Hi and welcome back to Attentionology for K – 5 Teachers!
…learn about themselves and the world around them.
The first story features a dog named Pig.
This via an AP feature by Jay Reeves…
Pig is a pup – make that a mutt – who was born in Atlanta and now lives in Alabama.
Pig was born with what Reeves calls “severe deformities” that make the 8-month old canine look like a stuffed animal rather than a real dog.
What’s the learning connection for kids?
Reeves’ feature didn’t focus on learning specifically, but his writing prompted this idea:
Teachers can light up a love of learning about self, especially in children with disabilities, by introducing them to friendly 4-legged creatures that stand tall despite their difficulties and differences.
How has Pig fared so well with deformities that make her hop like a frog to stand on her feet, walk like a gorilla with high shoulders above her head, and spin her neck-less body to see from side to side?
Answer: Pig is of course unaware of her unusual physique, and most importantly, she has found her place in the world. As an Internet sensation, Pig even has her own Facebook page.
Pig is the pride of her owner, Kim Dillenbeck. Dillenbeck reported to Reeves that Pig got her name because she looked like “a little fuzzy piglet” when she was a puppy…
Cute, cute, cute…just like every child in the world in his or her own way; each child ready for opportunities, like meeting awesome animals, made possible by awesome teachers who know how to catch kids’ attention and light up a love of learning.
Lighting up a love of learning with awesome animals to motivate children is fun and functional.
Another online news story – this one about winged wonders – features a science blog.
Powell is science editor at Cornell University’s Lab of Ornithology in Ithaca, NY.
Veverka asked Powell if he has “seen the scientific literacy of the general public change when it comes to birds” (since “birding is one of the most popular hobbies” and bird studies are widely published).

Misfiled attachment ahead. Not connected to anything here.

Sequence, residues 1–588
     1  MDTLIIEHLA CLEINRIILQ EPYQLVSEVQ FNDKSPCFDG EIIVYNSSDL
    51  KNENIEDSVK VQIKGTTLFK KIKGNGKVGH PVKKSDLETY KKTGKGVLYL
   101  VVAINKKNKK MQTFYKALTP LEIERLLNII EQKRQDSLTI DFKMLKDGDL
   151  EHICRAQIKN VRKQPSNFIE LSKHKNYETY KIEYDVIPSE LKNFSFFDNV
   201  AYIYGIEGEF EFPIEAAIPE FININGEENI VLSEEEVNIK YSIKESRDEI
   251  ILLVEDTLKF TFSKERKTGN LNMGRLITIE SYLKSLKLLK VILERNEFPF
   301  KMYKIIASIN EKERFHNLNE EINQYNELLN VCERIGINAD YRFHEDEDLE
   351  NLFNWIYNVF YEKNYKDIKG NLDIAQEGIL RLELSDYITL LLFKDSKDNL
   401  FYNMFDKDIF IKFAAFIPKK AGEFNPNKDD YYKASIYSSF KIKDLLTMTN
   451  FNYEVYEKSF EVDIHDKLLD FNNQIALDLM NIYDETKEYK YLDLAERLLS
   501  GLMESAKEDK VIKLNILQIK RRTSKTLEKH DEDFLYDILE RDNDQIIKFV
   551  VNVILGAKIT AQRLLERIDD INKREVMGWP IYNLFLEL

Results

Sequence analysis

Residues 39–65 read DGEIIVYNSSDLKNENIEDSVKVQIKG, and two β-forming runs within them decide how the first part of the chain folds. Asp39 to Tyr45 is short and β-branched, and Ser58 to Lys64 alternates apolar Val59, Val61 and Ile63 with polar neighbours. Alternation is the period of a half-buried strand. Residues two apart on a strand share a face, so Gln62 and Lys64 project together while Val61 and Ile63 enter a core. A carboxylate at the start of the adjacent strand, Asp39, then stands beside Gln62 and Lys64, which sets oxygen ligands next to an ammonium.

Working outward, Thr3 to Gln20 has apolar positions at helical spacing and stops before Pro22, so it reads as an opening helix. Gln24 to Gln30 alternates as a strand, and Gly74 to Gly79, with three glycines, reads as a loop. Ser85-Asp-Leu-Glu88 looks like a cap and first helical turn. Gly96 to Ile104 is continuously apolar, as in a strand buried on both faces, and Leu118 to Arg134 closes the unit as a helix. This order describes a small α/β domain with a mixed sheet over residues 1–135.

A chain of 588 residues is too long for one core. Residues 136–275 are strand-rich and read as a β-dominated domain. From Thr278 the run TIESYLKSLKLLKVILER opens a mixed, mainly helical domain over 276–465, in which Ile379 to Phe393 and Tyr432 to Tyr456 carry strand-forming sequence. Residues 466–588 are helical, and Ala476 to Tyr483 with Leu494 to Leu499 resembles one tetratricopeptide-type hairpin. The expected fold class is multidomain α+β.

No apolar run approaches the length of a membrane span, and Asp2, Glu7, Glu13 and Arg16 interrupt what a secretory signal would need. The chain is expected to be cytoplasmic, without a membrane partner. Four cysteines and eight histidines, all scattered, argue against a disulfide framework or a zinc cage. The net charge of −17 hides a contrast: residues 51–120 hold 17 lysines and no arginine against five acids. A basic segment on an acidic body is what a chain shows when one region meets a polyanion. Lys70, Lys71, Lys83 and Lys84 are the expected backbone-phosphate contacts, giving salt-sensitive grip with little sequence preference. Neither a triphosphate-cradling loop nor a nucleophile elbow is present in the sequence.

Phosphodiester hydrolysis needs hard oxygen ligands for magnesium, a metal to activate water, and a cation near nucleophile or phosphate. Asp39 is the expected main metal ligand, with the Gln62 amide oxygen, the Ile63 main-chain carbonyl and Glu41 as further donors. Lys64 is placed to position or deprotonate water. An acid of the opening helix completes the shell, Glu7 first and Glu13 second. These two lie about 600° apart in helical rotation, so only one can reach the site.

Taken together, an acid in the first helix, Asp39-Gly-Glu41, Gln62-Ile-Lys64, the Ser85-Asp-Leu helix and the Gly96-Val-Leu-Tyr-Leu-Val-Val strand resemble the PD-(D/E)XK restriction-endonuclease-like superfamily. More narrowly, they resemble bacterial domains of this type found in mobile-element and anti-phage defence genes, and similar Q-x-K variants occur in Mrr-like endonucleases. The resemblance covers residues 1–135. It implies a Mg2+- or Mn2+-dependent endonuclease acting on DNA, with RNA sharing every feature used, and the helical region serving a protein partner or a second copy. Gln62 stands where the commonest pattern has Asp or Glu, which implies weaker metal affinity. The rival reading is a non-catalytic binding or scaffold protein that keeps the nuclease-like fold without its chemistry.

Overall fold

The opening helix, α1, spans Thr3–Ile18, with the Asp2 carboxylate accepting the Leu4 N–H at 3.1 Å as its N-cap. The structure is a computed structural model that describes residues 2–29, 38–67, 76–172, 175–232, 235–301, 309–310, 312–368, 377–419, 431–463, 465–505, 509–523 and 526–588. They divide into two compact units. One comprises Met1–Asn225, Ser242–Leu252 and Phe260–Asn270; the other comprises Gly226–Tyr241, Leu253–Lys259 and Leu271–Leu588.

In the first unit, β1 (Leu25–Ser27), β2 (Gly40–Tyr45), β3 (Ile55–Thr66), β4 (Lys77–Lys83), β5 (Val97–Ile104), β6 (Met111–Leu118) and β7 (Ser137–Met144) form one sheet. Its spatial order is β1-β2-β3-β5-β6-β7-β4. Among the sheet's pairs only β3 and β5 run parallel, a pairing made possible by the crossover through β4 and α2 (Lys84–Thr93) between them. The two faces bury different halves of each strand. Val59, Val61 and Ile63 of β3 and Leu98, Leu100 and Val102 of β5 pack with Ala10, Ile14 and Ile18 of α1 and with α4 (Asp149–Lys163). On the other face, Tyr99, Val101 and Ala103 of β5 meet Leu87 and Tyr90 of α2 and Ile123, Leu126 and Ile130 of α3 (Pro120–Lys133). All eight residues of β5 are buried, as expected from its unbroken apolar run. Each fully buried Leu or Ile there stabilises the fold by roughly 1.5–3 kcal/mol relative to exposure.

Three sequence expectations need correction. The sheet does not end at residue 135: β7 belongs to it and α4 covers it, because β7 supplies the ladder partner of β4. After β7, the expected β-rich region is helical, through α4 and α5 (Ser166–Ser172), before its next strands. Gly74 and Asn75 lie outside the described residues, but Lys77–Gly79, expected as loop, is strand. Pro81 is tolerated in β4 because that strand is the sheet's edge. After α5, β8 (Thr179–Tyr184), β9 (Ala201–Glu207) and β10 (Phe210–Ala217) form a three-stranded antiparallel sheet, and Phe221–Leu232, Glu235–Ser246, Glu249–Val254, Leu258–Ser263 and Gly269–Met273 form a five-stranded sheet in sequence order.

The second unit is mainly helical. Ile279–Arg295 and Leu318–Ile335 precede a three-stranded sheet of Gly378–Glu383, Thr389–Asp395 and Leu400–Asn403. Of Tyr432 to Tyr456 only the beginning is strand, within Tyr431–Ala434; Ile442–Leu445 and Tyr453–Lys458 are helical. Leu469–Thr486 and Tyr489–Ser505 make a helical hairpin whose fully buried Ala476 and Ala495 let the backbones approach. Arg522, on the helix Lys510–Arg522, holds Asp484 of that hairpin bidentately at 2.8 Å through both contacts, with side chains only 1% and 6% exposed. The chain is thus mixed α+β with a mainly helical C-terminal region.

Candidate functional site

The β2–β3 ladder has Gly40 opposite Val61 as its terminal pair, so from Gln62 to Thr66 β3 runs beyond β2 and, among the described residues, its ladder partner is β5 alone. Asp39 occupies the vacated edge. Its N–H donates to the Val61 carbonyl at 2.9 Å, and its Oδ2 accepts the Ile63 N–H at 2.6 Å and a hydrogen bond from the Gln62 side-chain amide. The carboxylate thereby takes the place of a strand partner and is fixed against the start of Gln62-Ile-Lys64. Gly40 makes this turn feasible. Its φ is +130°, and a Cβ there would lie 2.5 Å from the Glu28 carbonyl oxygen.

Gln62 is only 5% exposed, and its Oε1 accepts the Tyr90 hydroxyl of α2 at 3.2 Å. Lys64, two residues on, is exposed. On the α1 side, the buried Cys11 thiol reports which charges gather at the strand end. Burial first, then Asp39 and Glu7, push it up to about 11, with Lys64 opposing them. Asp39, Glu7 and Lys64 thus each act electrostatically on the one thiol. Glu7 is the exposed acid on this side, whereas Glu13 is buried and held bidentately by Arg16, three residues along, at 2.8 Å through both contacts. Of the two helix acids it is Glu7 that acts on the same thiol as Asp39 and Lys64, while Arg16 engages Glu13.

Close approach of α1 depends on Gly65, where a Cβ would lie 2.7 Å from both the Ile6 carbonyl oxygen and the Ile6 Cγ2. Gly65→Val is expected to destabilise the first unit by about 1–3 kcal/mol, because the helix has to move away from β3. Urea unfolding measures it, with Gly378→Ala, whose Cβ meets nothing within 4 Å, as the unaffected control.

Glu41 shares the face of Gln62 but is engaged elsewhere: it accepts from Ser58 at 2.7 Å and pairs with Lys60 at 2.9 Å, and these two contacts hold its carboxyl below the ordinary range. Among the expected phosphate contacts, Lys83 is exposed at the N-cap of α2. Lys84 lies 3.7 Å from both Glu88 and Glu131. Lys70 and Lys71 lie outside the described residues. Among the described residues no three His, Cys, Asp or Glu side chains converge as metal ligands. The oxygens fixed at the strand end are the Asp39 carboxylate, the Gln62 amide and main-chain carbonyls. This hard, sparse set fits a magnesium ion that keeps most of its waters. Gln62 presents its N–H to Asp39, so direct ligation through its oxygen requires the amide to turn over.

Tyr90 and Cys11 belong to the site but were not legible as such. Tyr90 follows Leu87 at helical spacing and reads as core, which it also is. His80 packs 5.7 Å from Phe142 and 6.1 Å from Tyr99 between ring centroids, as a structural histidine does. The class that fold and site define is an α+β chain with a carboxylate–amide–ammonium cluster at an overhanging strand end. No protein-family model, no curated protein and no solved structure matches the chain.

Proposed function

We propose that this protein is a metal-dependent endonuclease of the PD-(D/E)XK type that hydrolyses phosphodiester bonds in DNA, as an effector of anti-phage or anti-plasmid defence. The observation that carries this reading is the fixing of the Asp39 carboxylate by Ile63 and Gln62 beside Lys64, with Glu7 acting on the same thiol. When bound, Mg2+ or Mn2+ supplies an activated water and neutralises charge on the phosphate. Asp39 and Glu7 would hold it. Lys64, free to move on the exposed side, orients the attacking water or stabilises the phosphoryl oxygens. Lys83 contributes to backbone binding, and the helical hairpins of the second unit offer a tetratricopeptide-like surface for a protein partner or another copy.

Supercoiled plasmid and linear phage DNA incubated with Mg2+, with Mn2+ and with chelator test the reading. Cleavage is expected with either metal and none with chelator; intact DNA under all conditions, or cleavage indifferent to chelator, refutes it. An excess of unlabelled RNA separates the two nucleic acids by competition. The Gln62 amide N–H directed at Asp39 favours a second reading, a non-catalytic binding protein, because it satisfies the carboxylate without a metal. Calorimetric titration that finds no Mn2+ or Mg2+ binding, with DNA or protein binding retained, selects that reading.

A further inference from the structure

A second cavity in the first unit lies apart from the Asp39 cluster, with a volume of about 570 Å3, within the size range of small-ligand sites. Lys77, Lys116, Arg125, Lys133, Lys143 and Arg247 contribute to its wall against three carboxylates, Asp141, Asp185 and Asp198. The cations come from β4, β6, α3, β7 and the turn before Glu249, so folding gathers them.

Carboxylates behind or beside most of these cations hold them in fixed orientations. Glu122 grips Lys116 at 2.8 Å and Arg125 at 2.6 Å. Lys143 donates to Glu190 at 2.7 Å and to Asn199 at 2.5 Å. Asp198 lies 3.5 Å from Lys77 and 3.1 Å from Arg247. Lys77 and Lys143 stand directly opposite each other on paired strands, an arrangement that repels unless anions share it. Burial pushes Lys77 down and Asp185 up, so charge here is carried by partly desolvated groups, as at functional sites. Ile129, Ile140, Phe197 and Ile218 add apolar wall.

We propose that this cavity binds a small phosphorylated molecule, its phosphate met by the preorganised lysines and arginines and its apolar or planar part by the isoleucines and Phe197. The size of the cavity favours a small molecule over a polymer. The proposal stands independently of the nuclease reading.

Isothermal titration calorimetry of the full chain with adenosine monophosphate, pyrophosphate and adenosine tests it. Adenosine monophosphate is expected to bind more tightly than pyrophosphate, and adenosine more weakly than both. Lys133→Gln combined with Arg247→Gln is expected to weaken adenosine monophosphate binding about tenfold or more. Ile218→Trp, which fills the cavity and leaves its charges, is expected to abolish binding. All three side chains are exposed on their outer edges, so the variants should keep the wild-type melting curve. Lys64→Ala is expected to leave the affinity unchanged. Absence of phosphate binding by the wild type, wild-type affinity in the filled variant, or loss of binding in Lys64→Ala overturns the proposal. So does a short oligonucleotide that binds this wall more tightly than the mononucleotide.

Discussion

Powell’s reply can be applied by K – 5 teachers looking for creative ways to light up a love of learning with awesome animals.
Powell noted a connection between watching birds and becoming more aware of the environment and the importance of good stewardship.
My thought…K – 5 teachers can take children on a birding adventure via the Internet or a video. The adventure could include encouraging children’s observations of how different birds need different places to live.
Powell answered a question related to scientific literacy from Veverka in a way that could open a discussion with fifth graders, for example:
He said, “People who love warblers and orioles, for example, learn about the conservation benefits of coffee brands grown on shady plantations that are labeled ‘bird-friendly’ because they provide sanctuary for migratory birds.”
Awesome animals offer all children a kind of sanctuary from the pressures of life today.
When kids get to spend time interacting with animals – real or life-like stuffed toys – they open their minds and hearts.
These pathways of discovery light up a love of learning about themselves and the world around them.
Remember, you don’t need to be a magician to work magic in any instructional setting!
Please send comments about how you use animals to help children learn.
Talk with you again soon,
Barbara ♥ The Lovable Poet